encoderVal = (unsigned int)SensorVal[myEncoder];
        // add the change into our accumulator
        bigEncoder += encoderVal - previousVal;
        // hang on to the curren value to use next round
        previousVal = encoderVal;
    }

Note that this only staves off your problem for a little while, but it illustrates how to handle both the “signed int” and the overflow problem. A more complete solution would be to notice when the encoder value was close to a rollover, and to reset it to zero right after you read it.

    unsigned int encoderVal;
    unsigned int previousVal=0;
    unsigned long bigEncoderVal=0;

    // Set the highDipstickLevel to something close to the max value an unsigned int can hold,
    // but low enough that the encoder won't overflow in a single pass
    // assuming the encoder count can't get from 60,000 to 65536 in a single loop pass
    unsigned int highDipstickLevel = 60000; 
   int notDoneLooping=1;
    while (notDoneLooping)
    {   
        if (previousVal > highDipstickLevel)
        {
            // cast the value from SensorVal as an unsigned int to avoid warnings.
            encoderVal = (unsigned int)SensorVal[myEncoder];
            SensorVal[myEncoder]=0;
        }
        else
        {
            // cast the value from SensorVal as an unsigned int to avoid warnings.
            encoderVal = (unsigned int)SensorVal[myEncoder];
        }  
        // add the change into our accumulator
        bigEncoder += encoderVal - previousVal;
        // hang on to the curren value to use next round
        previousVal = encoderVal;
        // here's where we should put some test to get us out of the loop
        if (bigEncoder > triggerVal)
        {
            notDoneLooping=0;
        }
     }

The reason for all the fun with highDipstickLevel instead of just resetting every time you read the value is a common one in soft realtime systems like this. Namely, there is no way to avoid losing some encoder changes between when the value is read and when you set it to zero. This is typically described as “atomic test and set.” You’d like to be able to read the value and set it to zero in the same clock cycle so that the shaft the encoder is attached to won’t move in between. We don’t have that option in the Cortex, so one of the typical things to do is to limit frequency with which you lose data.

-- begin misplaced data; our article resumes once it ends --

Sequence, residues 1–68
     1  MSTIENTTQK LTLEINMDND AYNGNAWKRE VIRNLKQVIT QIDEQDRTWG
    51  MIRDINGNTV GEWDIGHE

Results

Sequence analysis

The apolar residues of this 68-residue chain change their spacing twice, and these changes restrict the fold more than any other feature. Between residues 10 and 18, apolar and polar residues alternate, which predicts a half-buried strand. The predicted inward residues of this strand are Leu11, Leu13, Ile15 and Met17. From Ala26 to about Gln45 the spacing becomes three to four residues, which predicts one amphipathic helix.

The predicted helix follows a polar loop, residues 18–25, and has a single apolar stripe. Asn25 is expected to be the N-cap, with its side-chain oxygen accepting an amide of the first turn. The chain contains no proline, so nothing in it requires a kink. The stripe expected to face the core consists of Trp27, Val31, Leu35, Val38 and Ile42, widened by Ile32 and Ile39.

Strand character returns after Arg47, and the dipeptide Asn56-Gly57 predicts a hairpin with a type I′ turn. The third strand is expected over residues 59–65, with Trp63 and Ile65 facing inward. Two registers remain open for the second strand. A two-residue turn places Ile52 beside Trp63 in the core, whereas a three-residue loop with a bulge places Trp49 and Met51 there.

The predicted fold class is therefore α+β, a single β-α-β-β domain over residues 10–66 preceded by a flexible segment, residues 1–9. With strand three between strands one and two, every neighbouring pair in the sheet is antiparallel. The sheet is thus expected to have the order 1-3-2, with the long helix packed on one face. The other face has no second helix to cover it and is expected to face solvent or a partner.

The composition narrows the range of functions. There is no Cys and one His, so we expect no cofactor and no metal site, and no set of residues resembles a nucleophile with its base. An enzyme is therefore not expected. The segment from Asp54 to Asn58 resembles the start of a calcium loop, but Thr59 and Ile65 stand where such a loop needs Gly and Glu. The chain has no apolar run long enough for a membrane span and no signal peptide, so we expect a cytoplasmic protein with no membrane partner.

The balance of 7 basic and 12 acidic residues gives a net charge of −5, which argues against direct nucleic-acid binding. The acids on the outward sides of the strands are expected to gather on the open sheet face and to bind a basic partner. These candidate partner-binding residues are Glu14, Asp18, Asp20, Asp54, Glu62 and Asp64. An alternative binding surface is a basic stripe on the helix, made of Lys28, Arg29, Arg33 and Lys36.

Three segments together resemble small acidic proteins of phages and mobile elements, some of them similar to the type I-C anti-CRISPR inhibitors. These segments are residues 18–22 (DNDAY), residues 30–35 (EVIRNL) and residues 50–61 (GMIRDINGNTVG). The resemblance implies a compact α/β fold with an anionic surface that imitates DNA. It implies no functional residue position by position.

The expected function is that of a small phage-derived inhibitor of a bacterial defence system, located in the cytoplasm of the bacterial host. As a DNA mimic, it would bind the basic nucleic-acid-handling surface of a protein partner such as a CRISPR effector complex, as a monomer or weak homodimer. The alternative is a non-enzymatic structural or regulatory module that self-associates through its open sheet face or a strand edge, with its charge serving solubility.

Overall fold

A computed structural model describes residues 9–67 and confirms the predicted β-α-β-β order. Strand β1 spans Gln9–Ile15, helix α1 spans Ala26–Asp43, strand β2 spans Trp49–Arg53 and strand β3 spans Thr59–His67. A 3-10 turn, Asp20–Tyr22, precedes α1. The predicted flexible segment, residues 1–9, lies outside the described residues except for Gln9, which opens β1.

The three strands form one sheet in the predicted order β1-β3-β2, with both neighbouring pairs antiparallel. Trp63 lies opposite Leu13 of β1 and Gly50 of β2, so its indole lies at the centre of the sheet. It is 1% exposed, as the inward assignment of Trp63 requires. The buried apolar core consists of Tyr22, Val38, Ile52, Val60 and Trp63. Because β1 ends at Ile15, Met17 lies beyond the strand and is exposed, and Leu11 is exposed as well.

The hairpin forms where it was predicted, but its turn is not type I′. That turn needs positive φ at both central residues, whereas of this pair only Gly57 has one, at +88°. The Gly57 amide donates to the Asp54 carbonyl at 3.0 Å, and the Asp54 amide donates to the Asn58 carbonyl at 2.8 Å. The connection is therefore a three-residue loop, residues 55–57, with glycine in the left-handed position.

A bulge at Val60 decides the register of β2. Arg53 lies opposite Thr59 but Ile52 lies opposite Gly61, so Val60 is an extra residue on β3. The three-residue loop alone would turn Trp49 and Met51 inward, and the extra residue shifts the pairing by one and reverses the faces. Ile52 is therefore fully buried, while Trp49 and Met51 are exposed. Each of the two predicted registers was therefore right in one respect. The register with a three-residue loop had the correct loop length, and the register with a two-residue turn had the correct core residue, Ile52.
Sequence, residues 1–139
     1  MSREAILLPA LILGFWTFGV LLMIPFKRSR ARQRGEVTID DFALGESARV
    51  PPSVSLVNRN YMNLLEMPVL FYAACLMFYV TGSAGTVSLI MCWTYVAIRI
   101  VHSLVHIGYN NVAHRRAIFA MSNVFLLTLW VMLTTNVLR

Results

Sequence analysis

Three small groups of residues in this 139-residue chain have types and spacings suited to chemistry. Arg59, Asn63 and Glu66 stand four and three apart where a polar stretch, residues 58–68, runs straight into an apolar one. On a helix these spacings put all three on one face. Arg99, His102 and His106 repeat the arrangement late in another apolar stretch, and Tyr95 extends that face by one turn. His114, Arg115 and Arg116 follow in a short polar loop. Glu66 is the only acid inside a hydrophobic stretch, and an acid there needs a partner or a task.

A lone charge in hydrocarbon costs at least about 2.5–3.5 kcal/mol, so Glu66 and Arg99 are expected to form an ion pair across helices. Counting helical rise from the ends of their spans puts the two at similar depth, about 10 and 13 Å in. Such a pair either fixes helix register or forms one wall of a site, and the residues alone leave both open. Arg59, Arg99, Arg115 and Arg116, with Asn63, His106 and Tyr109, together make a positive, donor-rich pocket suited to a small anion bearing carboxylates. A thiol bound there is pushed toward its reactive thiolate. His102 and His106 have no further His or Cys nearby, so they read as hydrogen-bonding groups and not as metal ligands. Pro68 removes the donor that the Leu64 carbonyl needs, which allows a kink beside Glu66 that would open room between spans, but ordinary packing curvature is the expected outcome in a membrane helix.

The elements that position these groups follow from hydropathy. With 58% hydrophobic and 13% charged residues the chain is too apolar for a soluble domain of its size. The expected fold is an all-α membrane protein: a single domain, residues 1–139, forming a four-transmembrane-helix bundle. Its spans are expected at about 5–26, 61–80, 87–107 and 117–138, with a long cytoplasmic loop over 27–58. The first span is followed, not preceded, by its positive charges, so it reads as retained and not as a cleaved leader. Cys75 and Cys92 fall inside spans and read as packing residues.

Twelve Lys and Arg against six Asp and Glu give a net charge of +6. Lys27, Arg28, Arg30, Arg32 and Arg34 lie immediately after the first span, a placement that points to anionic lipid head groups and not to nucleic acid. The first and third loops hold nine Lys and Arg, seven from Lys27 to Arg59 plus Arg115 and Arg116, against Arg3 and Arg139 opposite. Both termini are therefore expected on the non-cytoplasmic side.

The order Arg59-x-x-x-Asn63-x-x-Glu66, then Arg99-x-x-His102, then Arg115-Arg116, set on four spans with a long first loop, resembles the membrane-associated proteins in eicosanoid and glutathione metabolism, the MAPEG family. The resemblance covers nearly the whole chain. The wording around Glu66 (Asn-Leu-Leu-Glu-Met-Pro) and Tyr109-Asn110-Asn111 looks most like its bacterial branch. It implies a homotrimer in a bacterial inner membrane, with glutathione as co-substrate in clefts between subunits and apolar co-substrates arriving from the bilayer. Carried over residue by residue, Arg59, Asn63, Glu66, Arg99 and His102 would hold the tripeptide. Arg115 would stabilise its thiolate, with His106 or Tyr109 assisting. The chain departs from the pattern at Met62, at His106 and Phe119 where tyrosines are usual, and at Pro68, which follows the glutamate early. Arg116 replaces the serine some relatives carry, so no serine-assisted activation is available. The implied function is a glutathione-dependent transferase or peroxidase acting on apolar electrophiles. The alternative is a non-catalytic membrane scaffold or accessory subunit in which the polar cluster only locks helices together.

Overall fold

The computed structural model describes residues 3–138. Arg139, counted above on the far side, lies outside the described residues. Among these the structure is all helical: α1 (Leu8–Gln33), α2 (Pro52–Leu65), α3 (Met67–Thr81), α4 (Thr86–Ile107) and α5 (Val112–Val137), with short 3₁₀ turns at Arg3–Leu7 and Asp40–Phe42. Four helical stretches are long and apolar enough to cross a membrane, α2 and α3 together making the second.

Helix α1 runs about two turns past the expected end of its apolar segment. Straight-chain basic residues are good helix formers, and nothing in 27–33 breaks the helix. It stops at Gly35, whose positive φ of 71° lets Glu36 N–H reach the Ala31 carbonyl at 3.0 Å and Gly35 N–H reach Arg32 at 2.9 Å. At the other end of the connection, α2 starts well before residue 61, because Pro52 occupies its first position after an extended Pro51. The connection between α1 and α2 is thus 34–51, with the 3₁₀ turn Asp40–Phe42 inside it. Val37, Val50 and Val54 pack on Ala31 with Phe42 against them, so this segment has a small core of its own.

I typed this directly into the forum post, I’ve never run it, and it could easily contain mistakes. Probably does. But it should get the idea across.

Not sure what you are all seeing, SensorValue will return an “int” which is 32 bits with RobotC set to default settings. The sensor debug window only displays as a short (which I guess is a bug, long ago RobotC used 16 bit ints and this is left over from that) and you will see the value jump from 32767 to -32768, however, the value that you read in the code does not do that. Try this program, you will see values keep incrementing.

#pragma config(Sensor, dgtl2,  enc,            sensorQuadEncoder)
//*!!Code automatically generated by 'ROBOTC' configuration wizard               !!*//

task main()
{
  while(1) {
    writeDebugStreamLine("%d", SensorValue[enc]);
    wait1Msec(1000);
  }
}

OP, which version of RobotC do you have?

Just as FYI, this is where you could force an int to be 16 bit (ie. short) in RobotC V4, we did this for compatibility with programs written using RobotC V3.
int_setting.png

Well, I wasn’t seeing anything; just made the assumption the report was correct. Haven’t done OSE code in a while; should have tried it.

Yeah, now that you mention it… I knew this. Too tired to remember.

Thanks, as always, for the enlightenment.